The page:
Parole for Entrepreneurs 

While attention has been paid to the bleak immigration landscape, there is a brighter spot.


The Entrepreneur Parole Program is a hopeful step in the right direction toward attracting the brightest and best entrepreneurs to our shores. At the same time it affords qualified investors a way of easing the immigration burdens on start-up companies in which foreign nationals play a key role.

While attention has been paid to the bleak immigration landscape, there is a brighter spot I want to consider—the recent promulgation by U.S. Citizenship & Immigration Services (“USCIS”) of a new regulation creating an Entrepreneur Parole Program [see 82 Federal Register p. 5286 (January 17, 2017)].

This program, scheduled to come on line in July 2017, purports to allow qualified entrepreneurs, who are developing businesses that would provide a “significant public benefit” to the U.S., to be admitted, under USCIS’s parole authority, to develop their enterprises for up to a maximum of ten years.

While there is a prospect that Congress could try to repeal the rule under the 1996 Congressional Review Act, I am hopeful that Congress will see the virtues of promoting the activities of foreign entrepreneurs in the U.S. whose contributions could end up promoting job growth and the advent of new, groundbreaking, technologies.

These are the six primary factors:

1. An Entrepreneur by any other Name

To qualify as an entrepreneur under the Entrepreneur Parole Program, a candidate needs to demonstrate a “substantial ownership interest” in a “start-up” enterprise.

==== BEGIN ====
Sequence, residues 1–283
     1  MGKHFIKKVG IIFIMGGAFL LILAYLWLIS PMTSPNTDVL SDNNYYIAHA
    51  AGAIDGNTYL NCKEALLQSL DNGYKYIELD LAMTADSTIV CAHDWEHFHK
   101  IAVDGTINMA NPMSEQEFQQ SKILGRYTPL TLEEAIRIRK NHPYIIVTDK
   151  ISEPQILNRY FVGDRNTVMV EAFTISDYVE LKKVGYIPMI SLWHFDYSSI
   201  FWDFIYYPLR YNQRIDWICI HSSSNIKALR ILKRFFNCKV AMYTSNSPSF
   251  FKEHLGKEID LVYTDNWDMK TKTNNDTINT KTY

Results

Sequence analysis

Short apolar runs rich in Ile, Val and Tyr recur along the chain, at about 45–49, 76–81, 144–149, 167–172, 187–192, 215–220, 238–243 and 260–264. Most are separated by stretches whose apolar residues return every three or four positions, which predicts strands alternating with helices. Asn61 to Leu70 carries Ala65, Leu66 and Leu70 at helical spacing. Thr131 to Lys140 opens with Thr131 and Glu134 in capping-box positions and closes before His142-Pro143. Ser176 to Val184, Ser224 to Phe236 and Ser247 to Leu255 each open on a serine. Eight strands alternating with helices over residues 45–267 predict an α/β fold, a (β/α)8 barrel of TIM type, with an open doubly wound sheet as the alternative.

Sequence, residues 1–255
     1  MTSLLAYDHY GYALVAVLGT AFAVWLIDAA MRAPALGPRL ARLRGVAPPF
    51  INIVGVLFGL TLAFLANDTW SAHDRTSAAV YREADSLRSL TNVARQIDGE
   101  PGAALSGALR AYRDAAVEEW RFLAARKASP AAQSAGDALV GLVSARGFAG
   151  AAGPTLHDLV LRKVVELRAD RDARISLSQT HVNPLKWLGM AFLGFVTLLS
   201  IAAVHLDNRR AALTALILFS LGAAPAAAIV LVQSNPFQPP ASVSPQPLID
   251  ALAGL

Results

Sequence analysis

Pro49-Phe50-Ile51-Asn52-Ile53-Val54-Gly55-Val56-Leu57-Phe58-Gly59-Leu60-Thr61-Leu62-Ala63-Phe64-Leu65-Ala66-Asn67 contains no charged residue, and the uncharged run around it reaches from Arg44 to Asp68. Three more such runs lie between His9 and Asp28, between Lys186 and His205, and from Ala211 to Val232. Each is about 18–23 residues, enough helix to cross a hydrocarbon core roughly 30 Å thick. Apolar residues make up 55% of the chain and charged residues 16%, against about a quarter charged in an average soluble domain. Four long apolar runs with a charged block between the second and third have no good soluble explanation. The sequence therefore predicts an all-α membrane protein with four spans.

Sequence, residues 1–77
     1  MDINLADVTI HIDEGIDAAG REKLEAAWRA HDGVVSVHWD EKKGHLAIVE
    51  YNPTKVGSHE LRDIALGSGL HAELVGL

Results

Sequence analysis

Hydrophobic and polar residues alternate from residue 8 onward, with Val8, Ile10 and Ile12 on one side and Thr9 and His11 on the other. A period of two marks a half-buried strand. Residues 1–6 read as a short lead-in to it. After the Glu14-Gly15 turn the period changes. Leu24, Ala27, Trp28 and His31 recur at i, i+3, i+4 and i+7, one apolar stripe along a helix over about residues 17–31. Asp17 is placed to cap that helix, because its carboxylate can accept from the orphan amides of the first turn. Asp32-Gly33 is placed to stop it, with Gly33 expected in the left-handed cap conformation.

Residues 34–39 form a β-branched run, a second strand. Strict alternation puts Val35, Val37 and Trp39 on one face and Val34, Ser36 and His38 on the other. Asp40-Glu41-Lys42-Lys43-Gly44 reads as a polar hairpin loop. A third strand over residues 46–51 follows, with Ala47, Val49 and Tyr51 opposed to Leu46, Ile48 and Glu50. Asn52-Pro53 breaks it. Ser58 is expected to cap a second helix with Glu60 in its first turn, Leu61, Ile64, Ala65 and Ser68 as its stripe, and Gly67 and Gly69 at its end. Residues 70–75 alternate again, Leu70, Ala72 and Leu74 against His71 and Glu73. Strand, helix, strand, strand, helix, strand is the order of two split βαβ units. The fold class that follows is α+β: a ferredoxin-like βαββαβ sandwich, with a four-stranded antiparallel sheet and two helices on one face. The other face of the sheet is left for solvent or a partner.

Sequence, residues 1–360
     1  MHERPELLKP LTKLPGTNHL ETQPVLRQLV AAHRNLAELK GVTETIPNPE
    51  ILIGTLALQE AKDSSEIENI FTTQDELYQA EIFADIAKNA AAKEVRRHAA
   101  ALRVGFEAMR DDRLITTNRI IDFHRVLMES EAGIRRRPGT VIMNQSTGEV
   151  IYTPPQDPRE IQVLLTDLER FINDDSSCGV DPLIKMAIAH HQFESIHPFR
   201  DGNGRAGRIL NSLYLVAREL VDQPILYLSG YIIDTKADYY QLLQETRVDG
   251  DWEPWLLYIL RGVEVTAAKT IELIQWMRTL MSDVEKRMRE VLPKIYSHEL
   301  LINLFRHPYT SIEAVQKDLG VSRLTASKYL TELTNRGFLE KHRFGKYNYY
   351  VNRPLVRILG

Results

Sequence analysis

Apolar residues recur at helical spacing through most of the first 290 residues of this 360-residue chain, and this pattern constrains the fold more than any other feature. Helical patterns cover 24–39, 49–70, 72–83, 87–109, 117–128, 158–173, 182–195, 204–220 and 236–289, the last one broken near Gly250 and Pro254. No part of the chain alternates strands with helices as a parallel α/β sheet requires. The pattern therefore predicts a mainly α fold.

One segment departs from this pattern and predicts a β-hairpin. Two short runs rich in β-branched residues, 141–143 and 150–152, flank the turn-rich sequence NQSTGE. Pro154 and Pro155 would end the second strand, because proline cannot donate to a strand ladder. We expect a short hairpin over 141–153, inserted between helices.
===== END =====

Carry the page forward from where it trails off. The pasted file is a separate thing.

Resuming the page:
This means that an entrepreneur must control initially at least a 10% stake in the start-up enterprise and be in the position to take a central and active role in its operations.

A start-up enterprise is defined as a “U.S. business entity” that has been formed within 5 years preceding adjudication of the application for entrepreneur parole, or formed within 5 years preceding the date a government award or grant is received in furtherance of the prospective venture.

2. Parole Qualifications

If the candidate is an “entrepreneur” who intends to develop a “start-up enterprise”, the next requirement is that:

  • within 18 months prior to the filing of the request for parole application
  • the enterprise has received at least $250,000 in investment funds from qualified investors,
  • or at least $100,000 in government grants and awards
  • or otherwise can show, through alternative evidence, “substantial potential for rapid growth and job creation.”

“Rapid growth and job creation” means generating over a 5-year time horizon at least $500,000 in revenue, showing, on average, 20% revenue growth annually, and the creation of at least 5 full time jobs available to U.S. citizens, permanent residents, and certain qualified non-immigrants.

As an aside, I found the provision regarding “alternative criteria” less than clear. My interpretation is one way of looking at it, but there are other ways, and further guidance from the authorities is likely forthcoming on this issue.

Finally, it is mandated that the start-up enterprise show that it has received, over the five-year initial parole term, at least $500,000 from qualified investors and/or in government awards and grants.

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Robert Goodman
Robert Goodman
Robert Ian Goodman, Esq. represents clients worldwide in the areas of complex commercial immigration and international and domestic commercial law. Mr. Goodman also provides general counsel services to entrepreneurs and start-up businesses and counsels foreign businesses interested in establishing a presence in the U.S. marketplace and U.S. businesses interested in expanding abroad. He also counsels law firms on Immigration and Commercial Law matters. Mr. Goodman is principal of Goodman Law and Goodman Immigration. He is also Special Counsel to Lawtelier LLP, based in New York City and Milan, Italy.

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